|Example of Rob's Backdrop Painting|
To escape the heat, we headed to Park City, Utah for a long July 4th weekend of golf and R&R. I managed to sneak in an op session at Rob Spangler's gorgeous HO Western Pacific layout in Syracuse, UT. This is Rob's third layout, and possibly his biggest yet. The layout has a great operations scheme, single track, time table and train order operation with telephone communication to the dispatcher. While Rob's layout is very well done in all respects, he is really famous for his backdrop painting and scenery.
I also visited the Heber Valley Railroad after a round of golf at the Homestead course in Midway, UT. The RR runs regular excursions down Provo Canyon. They have two diesel engines in current service and steam engines under restoration that are due to be ready next year.
|This engine will not run again, but the Heber Valley RR uses it as a "billboard."|
Back in Virginny, I am building some custom models for clients. The first is the Thurmond coal dock in HO scale. I built one last year for a client in NJ. Now, a second model is underway for a client in Michigan. I also plan to offer this as a limited run Alkem Scale Models kit. It is nearly ready but I need to get the instruction manual complete. Believe it or not, making the instruction manual is about as time consuming as designing the kit.
I am also in the process of building a model of the Chattanooga Train shed in HO. That project is on hold awaiting some feedback from the client.
Another major project is scratch building a model of the Lincoln Funeral Passenger car in 1/32nd scale. This will be for the B&O Museum for their 2015 The War Came by Train display.
|Mike Kanazawich, Dave Donahue, Bob Kise, Rich Kohr|
and Bob Etchberger (L to R)
Mike Kanazawich has a book about stories relating to the Lincoln's assassination. You can order it here.
Today, I was in southern PA and had a chance to visit the Steam into History train in New Freedom, PA. I arrived there in time to catch the 11:00AM train. Alas, it was annulled. The next train was due to leave in 2 hours, but I could not hang around for that. So I got a couple snapshots of the train in its pen and headed home.
I drove along a parallel road to the tracks on my way into town. The terrain that the railroad runs through is very pretty but heavily forested and hilly. It looks like it would be hard to find decent spots in summertime to get good shots of the train in motion due to the trees.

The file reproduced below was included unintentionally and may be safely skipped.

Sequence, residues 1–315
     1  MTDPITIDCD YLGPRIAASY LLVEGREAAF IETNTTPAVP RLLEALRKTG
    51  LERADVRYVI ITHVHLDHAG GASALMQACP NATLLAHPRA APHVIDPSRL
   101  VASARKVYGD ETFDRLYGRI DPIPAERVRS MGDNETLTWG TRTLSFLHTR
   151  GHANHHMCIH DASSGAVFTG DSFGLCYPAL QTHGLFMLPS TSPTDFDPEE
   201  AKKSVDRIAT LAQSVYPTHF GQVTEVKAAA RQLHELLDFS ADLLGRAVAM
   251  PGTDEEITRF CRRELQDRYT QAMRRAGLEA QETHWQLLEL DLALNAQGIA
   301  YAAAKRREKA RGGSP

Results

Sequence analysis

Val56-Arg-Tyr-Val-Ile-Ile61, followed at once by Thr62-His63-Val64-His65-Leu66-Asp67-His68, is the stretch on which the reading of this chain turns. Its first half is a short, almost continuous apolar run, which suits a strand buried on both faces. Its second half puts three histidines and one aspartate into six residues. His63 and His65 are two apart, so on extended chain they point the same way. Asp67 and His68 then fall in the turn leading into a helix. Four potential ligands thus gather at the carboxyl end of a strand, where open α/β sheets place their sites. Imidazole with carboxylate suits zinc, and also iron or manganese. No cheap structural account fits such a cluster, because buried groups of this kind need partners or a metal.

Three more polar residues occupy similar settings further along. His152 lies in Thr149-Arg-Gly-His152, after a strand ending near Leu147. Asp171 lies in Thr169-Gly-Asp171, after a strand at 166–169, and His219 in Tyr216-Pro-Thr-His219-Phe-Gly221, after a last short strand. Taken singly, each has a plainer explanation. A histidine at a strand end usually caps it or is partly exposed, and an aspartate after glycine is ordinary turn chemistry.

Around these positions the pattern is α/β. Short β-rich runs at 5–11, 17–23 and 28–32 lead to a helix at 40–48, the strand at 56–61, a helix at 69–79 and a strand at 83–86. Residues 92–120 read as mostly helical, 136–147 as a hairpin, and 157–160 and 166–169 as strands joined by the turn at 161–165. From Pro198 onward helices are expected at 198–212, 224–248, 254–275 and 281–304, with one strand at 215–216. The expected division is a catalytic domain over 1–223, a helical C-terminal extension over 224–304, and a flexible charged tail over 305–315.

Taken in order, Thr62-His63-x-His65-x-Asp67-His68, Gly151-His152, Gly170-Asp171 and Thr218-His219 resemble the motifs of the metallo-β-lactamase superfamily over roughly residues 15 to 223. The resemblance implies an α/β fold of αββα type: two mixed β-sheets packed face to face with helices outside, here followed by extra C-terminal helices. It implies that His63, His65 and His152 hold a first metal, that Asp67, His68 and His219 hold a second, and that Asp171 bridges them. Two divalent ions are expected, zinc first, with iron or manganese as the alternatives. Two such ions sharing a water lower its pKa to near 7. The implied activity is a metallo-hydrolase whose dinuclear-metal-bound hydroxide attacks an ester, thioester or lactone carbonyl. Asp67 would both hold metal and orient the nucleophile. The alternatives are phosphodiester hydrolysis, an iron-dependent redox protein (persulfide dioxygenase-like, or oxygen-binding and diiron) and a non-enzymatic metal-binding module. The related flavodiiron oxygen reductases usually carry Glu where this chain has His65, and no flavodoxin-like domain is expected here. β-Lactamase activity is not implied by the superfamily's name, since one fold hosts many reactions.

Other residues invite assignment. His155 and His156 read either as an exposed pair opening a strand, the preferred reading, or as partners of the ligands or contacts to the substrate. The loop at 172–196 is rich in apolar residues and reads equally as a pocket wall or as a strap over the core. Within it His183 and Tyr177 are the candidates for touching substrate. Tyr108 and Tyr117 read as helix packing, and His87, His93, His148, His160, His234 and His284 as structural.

Telegraph SystemI have been thinking about adding telegraph communications to the layout. I was unsure how to do it. My thinking was that the telegraph would just be a sound effect. I recently acquired a railroad morse sounder from Ron Schmidt. I was planning on using it to create sounds of the actual messages that the dispatcher wrote. The dispatcher would type the messages into a computer that would translate it to railroad morse code. The sounder would play the message.
|Ron's Telegraph Sounder|
I hadn't quite figured out the OS side, as I didn’t think I wanted the conductors typing messages, a job that the operator would normally do. One oddity on my layout is that all trains stop at all stations to check for orders. They did not use train order boards in my time period.
However, thanks to an interesting on-line discussion with Trevor Marshall and his friend Skip Luke, I learned about the simplified US Military Telegraph Dot Code. You can learn more about dot code at this web site. Armed with this information, I think a simplified telegraph system and code can be used to send OS messages.
The telegraph OS will help keep the conductor/brakeman busy. I need two man crews for my short trains as the brakeman needs two hands to operate the link and pin couplers, while the engineer operates the throttle and whistle (there are a lot of whistle signals). The conductor/barkeman will also handle the couplers, TT&TO, switch lists and telegraph dispatching. More on this as it develops.